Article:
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Giovanni Bisignani, the former director general of IATA, is out hawking his new book, Shaking the Skies. Probably the most remarkable thing about it is the invitation to the book launch, which rather boldly stated that Mr Bisignani achieved “the biggest turnaround of an international organisation in history” and that it was up to him “to rescue the [aviation] industry”.

There is no doubt that Mr Bisignani did shake up a dusty and underachieveing organisation that was contributing little to its members. As he says about his first AGM, “It was long, bureaucratic and totally prescribed, with no room for debate… remember, airlines were collapsing under the effects of 9/11.” And to give credit where it is due, he focused the industry on e-ticketing, a great achievement, and also put the environment on the airline agenda, where it has stayed. Equally, his emphasis on safety has helped make air transport the safest way to travel.

Whether these achievements make up for Mr Bisignani’s foibles, however, is another question. One of the most obvious of his faults, judging by the book, is his vanity. This comes across in numerous ways – even factual sentences sound pompous (“I arrived at IATA’s Executive Office in Geneva as IATA Director General and CEO designate on 15 May 2002.”). All his decisions seemed to receive “unanimous approval”.

And then there is the name-dropping. There are conversations with the Pope, Mother Teresa, Ban Ki-moon, there are photos of him with the heads of state of Egypt, Malaysia, Jordan, Libya, Syria, Kenya, Chile, Panama (in fact, those are the only type of photos in the book, which seems a pity. It would perhaps have been nice to have included some of IATA’s members who were also instrumental in changing IATA). “IATA shouldn’t be talking to Civil Aviation Authorities,” he writes. “We needed to be speaking with Prime Ministers, Presidents and the Secretary General of the United Nations.”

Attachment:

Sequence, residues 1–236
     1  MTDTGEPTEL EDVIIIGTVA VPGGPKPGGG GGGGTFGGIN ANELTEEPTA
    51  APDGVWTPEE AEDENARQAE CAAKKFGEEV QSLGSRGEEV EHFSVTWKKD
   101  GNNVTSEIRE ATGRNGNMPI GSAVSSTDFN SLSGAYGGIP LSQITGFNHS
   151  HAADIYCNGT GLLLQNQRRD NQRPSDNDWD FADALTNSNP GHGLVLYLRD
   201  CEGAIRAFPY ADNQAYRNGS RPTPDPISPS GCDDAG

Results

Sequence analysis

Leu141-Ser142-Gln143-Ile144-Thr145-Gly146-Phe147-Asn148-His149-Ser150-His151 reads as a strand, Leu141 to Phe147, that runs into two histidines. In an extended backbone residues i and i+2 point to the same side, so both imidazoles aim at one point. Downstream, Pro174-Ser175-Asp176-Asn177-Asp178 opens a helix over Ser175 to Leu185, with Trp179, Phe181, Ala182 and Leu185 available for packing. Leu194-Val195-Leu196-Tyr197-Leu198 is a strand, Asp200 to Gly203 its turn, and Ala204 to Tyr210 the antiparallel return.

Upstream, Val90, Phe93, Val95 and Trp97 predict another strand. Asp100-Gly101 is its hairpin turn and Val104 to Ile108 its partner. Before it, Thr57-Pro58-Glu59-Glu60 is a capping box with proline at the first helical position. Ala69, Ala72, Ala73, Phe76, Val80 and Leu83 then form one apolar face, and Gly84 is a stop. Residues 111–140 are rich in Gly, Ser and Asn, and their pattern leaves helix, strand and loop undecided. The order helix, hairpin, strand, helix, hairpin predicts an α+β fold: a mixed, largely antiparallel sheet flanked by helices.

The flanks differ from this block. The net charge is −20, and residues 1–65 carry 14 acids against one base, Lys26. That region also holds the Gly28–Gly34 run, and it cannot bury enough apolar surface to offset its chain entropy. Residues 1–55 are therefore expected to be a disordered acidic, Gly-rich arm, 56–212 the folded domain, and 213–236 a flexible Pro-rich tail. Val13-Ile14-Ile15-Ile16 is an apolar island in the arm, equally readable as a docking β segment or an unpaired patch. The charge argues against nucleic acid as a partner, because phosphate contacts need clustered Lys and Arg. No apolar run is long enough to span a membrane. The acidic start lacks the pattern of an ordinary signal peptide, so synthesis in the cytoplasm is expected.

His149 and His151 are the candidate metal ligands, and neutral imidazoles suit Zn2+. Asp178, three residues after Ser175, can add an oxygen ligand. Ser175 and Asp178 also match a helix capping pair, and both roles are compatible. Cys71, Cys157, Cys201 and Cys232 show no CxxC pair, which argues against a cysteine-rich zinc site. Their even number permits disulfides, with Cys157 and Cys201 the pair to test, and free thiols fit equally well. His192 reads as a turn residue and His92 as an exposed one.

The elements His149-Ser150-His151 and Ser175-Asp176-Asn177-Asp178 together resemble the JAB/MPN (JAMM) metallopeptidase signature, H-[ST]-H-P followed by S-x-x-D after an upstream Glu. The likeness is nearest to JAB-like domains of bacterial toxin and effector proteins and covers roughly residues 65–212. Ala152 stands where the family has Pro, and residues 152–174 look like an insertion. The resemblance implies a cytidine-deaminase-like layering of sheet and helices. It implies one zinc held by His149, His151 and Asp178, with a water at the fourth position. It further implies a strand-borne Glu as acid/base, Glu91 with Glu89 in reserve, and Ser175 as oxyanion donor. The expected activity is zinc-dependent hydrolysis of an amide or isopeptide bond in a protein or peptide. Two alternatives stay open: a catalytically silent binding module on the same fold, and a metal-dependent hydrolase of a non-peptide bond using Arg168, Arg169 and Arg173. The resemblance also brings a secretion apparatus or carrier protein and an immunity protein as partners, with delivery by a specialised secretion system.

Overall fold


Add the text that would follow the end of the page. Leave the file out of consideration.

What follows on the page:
Meanwhile, Mr Bisignani’s “close friends” apparently include Rajiv Ghandi, Lee Kuan Yew, then prime minister of Singapore, and the president of Algeria.

And Jack Welch.

The former CEO of GE is a divisive figure, whose influence has been keenly felt at IATA. His management style – a typical quote is “[bad people] have to be hanged publicly. Public hanging is … what leadership is all about” – was fully embraced. As Forbes noted in an article, “The problem with Jack Welch’s practice of public hangings is not that they occurred, but rather that they occurred routinely, and so create a culture of competitiveness that undermines the openness needed for innovation.”

GE put in place a system of culling the ‘bottom’ 15% of its staff on a systematic basis, regardless of merit. Mr Bisignani did the same. Nearly 1,200 people left the organisation in just a four-year period. During his nine-year tenure at IATA, some 1,600 people or thereabouts were fired, or “flattened” as Mr Bisignani charmingly puts it. And you could be flattened merely for disagreeing with the boss. He writes of his discussion with the HR director on implementing ‘the classic GE approach’: “He listened carefully, and then suggested I should rethink the strategy. He was convinced this wouldn’t work in an association and wouldn’t be understood by our member airlines… I fired him with immediate effect.”

The Loadstar has learned that it’s legally wise not to write too much about the HR director Mr Bisignani brought in, nor to mention a certain employee review website, where the culture at IATA is widely derided. Staff reviews point to ‘fear’, being ‘scared’ and ‘monthly purges’. Mr Bisignani had a CEO approval rating of 0% (Tony Tyler gets 73%.) The staff also point out that Mr Bisignani’s rather conceited practice of getting staff in “from top organisations such as Barclays Bank, Credit Suisse, GE and IBM” meant that many of the management had no industry expertise. And it has been hard for IATA, in its post-Bisignani days, to shake off that culture.

And as for Cargo? Well, not surprisingly there aren’t too many mentions of it – despite Mr Bisignani heading a freight fowarding company for a time (covered in a mere six lines).

So, should you read the book? It probably depends on whether you’d like to spend a few hours in the company of “the man who managed $2.5 trillion” or not. If you are looking for a well-written, edited and beautifully published book with great insights into modern management, Shaking the Skies is not for you. But it does outline an interesting slice of aviation’s history, and, if you can get past the arrogance, Mr Bisignani deserves to be recognised for several achievements. And for that, we will give it a free plug – you can buy it for $23.61 from Amazon. Or you can have The Loadstar‘s copy.